5. Aid Climbing – It is the practice of ascending a wall using harnesses, tools and other harnessing equipment. Here the climber attaches devices to pieces of protection and stands on those devices to move upward. 
  6. Free Climbing – Climbers move upward relying only on the natural features of the rock, using harnesses and tools to provide a belay and protect a fall. 
  7. Free Soloing – The climber climbs alone without any rock climbing harnesses or protective equipment. The ability to complete the ascent is what plays the role here. The climber reaches to a height from where it is unsafe to have a free fall.   
  8. Deep Water Soloing (DWS) – It is same as the above mentioned free soloing with only one difference that here the route takes place above the sea and if you fall, you will land directly into the water. 
  9. Via Ferrata – Via Ferrata or Iron Way climbing requires you to clip yourself on to a steel cable that runs alongside the route for safety. It involves more scrambling than out-an-out climbing. 
  10. Rappelling – It is the controlled descent of a vertical face by the climber, used at the end of the route when it gets difficult to walk off from the top or when the climb gets dangerous to continue. It is usually done with a belay device. 

Parts of a Climbing Harness

climbing harness anatomy
Anatomy of Climbing Harness (source)

Know about the anatomy of climbing harness to understand all the details. 

Waist Belt:
Combination of comfort and minimum weight with 1-2 buckles to adjust the belt.

Buckles:
1 or 2 pieces of metal for manual double back or automatic double back. It is usually a bit off-centre to avoid conflict with rope tie-in. 

Leg Loops:
Padded and mostly adjustable to allow change of layering while remaining tied in. 

Gear Loops:
For carrying quickdraws, cams, chalk boxes etc. They are commonly made of plastic or webbing. The best climbing harness has 4 gear loops, while some have additional ones. 

Haul Loop:
Located on the back of the harness, the loop is made of stitched webbing. It is used to attach a second rope or haul line. 

Belay Loop:
The strongest and the only part of the harness that is load tested. Made of nylon webbing, anything hard can be attached to this loop.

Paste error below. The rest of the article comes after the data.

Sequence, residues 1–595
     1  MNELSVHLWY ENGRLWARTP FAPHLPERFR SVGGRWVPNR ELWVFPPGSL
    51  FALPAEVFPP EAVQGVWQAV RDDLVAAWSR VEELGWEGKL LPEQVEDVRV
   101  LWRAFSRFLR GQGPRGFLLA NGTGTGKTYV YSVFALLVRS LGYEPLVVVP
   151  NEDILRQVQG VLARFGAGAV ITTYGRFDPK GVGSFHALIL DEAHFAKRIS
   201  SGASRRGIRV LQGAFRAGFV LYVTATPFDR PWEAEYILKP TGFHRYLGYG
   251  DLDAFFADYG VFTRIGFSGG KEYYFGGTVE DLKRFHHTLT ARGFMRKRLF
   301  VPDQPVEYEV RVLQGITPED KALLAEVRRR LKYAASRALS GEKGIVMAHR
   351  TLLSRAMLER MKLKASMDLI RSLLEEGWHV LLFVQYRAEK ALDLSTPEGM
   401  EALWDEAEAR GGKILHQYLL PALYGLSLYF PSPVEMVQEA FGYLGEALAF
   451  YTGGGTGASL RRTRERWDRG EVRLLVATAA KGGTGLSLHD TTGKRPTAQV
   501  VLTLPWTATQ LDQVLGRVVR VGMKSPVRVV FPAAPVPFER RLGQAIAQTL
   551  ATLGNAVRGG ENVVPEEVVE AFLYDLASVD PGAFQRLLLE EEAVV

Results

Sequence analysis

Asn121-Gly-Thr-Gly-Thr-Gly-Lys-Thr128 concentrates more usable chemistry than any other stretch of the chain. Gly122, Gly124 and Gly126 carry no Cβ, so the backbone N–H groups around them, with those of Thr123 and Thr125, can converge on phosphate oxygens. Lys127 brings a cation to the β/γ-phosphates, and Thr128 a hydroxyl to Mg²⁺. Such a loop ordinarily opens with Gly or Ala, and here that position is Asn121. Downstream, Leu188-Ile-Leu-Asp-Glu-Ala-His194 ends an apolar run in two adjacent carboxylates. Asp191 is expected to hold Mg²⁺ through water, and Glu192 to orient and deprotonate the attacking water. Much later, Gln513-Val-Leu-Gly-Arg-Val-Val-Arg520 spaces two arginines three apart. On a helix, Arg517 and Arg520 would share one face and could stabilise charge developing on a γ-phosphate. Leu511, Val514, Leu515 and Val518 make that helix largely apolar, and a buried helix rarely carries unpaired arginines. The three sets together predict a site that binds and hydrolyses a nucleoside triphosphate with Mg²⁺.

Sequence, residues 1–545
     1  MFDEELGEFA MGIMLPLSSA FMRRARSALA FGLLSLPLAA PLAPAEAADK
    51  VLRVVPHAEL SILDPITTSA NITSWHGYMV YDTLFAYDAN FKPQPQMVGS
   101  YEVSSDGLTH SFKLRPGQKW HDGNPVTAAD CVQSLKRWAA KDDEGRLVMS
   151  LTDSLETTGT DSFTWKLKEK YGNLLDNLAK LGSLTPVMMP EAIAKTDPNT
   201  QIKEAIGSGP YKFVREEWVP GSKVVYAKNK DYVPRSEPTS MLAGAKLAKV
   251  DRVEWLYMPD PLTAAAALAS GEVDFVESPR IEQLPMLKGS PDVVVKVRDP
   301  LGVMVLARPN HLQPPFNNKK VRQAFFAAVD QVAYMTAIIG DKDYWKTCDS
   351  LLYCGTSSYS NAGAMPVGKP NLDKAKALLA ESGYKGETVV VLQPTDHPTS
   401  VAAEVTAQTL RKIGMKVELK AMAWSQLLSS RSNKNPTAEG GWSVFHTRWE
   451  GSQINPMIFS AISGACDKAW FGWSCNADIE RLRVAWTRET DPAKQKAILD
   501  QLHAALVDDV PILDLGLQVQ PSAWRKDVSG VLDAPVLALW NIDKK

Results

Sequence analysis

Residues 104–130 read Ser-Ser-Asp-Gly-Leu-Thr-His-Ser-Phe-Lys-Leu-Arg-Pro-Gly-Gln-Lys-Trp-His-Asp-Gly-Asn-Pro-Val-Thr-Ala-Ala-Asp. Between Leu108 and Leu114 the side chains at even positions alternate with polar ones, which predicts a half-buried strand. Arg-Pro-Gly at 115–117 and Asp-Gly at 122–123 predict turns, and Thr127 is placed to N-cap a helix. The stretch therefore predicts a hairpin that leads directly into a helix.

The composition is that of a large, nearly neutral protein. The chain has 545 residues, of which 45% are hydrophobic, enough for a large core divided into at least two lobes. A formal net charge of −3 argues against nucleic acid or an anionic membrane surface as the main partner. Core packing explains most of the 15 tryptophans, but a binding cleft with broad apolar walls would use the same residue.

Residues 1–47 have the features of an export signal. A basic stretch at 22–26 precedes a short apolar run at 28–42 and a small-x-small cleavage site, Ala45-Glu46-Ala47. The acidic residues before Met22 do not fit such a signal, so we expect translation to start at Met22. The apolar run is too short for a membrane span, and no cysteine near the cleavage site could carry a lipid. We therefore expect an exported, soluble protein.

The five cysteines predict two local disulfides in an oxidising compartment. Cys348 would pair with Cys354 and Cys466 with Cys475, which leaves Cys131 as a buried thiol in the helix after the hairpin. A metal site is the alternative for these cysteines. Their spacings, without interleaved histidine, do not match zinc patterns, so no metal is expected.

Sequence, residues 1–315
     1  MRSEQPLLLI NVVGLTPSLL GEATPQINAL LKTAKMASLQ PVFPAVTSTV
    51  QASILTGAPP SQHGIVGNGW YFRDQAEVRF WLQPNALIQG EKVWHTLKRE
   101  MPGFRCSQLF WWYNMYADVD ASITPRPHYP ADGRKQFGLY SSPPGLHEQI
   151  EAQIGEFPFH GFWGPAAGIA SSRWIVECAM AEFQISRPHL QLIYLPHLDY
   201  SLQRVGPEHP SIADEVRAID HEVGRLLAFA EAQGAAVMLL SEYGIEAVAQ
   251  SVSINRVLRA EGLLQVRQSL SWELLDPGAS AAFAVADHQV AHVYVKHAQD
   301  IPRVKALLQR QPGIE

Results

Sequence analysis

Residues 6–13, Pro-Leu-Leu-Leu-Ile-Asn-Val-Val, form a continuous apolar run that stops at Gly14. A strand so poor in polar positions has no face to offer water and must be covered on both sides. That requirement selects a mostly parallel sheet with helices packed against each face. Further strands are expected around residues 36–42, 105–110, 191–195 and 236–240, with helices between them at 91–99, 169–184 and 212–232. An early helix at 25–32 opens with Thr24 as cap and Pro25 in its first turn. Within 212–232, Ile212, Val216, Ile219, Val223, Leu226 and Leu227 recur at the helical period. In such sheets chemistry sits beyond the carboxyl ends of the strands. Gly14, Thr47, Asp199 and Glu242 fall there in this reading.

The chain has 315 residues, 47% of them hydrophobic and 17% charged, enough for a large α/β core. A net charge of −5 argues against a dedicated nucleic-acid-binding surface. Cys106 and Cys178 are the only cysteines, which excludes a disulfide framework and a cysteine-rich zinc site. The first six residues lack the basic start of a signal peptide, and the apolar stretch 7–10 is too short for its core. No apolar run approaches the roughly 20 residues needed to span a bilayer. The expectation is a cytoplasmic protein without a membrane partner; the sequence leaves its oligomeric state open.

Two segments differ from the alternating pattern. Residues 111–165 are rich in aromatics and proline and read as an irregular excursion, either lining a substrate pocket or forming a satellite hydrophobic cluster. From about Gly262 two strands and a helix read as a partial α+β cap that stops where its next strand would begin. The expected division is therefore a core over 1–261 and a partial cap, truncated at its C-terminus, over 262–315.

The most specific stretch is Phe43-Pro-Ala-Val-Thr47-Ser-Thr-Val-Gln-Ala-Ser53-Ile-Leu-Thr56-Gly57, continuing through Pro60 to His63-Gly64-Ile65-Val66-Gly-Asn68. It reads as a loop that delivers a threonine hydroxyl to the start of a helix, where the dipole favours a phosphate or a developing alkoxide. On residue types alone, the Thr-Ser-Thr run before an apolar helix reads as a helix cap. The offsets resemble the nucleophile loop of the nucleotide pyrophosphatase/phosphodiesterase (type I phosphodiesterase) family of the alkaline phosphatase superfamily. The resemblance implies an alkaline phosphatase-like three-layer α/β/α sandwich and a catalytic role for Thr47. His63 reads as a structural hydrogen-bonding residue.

Tie-in Points:
These are two loops connected to the belay loop that is used to attach any cord or webbing through both lower and upper tie-in points. This helps to balance the whole harnessing system.

Rise/Elastic Straps:
The distance between the two leg loops is connected with this thin webbing or elastic straps. These straps can be adjusted up and down to balance while you are hanging. 

Types of Harnesses

types of harness
Different types of harness (source)

Harnesses according to terrains are:

  • Sports/Gym Harness –These have Single automatic or double back waist belt buckle, 2 gear loops, thin belay loop and minimal leg adjustability. 
  • Traditional Harness –This has adjustable leg loops with buckles, 4 or more gear loops, thick and durable padding, extra lumbar padding and haul loop
  • Ice and Mixed Harness –Similar to Traditional Harnesses but used in cold weather conditions. 
  • Alpine or Mountaineering Harness –This is the best rock climbing harness having fully adjustable leg loops and waist belt, 4 or fewer gear loops, thin material, thin belay loop and a haul loop.
  • Canyoneering –Have extra seat protection, single tie-in point doubles as belay loop, Have thick pads to protect from frequent rubbing against rock.
  • Competition –No gear loops are provided, thin belay loops are there (absent in some cases), lightweight to make you feel nothing. 
  • Big Wall –Extra thick padding for the whole day, 2 belay loops to provide maximum safety, 6-10 gear loops for carrying a large amount of gear and tools.  

Harnesses According to Size and Genders 

While men’s climbing harness has smaller leg loops and bigger waist belts, women rock climbing harness has larger leg loops, smaller waist belts, increased rise and reduction in the leg-to-waist ratio. Not only according to gender, harnesses vary from body parts as well. 

- The Sit Harness

Most flexible and common and they allow you to sit in the harness and hang. The spine is unloaded and your legs have ample space to move properly. The harness is tied into the front. 

- The Chest Harness

It is suitable for people with smaller hips. It stops you slipping out of the loops and keeps your body in an upright position. Combining Chest and Sit Harness gives better result and safety.

- Full Body Harness

When you need more control while falling; say for example, in case of Rope courses and Via Ferrata, a full body harness gives you more protection with a high tie-in point. For general use, these are not so comfortable. Check for climbing harness size guide for conveyance.